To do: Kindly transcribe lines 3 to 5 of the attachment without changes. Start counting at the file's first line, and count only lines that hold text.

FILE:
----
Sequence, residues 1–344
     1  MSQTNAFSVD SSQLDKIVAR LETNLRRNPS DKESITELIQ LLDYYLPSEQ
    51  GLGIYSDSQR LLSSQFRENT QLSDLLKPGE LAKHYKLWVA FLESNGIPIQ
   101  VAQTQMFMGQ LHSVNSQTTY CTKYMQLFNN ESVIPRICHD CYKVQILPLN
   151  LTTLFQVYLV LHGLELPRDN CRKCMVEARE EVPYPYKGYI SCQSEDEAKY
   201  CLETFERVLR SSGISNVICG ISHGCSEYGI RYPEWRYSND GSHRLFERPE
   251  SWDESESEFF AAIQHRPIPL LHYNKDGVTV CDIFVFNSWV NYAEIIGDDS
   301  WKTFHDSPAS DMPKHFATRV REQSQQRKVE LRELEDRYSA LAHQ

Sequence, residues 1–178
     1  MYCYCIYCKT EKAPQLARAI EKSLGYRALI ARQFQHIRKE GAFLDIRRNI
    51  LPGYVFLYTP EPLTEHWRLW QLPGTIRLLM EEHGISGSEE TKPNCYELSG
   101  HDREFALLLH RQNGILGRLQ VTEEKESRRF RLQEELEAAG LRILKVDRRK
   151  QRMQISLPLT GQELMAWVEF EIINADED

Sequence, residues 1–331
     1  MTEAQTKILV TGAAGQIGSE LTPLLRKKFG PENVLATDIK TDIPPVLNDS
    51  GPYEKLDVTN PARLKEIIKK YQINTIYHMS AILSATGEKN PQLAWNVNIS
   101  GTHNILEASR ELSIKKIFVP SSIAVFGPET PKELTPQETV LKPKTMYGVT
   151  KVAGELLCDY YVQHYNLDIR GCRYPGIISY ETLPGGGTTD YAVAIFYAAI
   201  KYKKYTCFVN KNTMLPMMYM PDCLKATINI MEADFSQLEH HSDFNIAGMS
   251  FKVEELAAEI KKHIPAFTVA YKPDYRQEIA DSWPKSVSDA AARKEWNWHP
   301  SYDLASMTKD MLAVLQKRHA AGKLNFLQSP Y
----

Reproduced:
    51  GLGIYSDSQR LLSSQFRENT QLSDLLKPGE LAKHYKLWVA FLESNGIPIQ
   101  VAQTQMFMGQ LHSVNSQTTY CTKYMQLFNN ESVIPRICHD CYKVQILPLN
   151  LTTLFQVYLV LHGLELPRDN CRKCMVEARE EVPYPYKGYI SCQSEDEAKY